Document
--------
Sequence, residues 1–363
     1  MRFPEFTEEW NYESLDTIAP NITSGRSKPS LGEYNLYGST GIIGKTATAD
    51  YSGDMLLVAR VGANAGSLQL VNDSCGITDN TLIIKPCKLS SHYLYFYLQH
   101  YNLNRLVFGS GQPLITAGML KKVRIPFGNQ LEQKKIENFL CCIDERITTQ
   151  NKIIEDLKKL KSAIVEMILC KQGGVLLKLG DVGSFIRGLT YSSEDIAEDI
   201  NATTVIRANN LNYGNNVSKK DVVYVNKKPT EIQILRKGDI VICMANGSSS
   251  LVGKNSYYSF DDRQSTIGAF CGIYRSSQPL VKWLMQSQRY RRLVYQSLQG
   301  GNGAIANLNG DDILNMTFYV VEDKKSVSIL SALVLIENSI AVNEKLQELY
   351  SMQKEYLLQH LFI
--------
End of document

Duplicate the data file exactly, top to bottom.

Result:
Sequence, residues 1–363
     1  MRFPEFTEEW NYESLDTIAP NITSGRSKPS LGEYNLYGST GIIGKTATAD
    51  YSGDMLLVAR VGANAGSLQL VNDSCGITDN TLIIKPCKLS SHYLYFYLQH
   101  YNLNRLVFGS GQPLITAGML KKVRIPFGNQ LEQKKIENFL CCIDERITTQ
   151  NKIIEDLKKL KSAIVEMILC KQGGVLLKLG DVGSFIRGLT YSSEDIAEDI
   201  NATTVIRANN LNYGNNVSKK DVVYVNKKPT EIQILRKGDI VICMANGSSS
   251  LVGKNSYYSF DDRQSTIGAF CGIYRSSQPL VKWLMQSQRY RRLVYQSLQG
   301  GNGAIANLNG DDILNMTFYV VEDKKSVSIL SALVLIENSI AVNEKLQELY
   351  SMQKEYLLQH LFI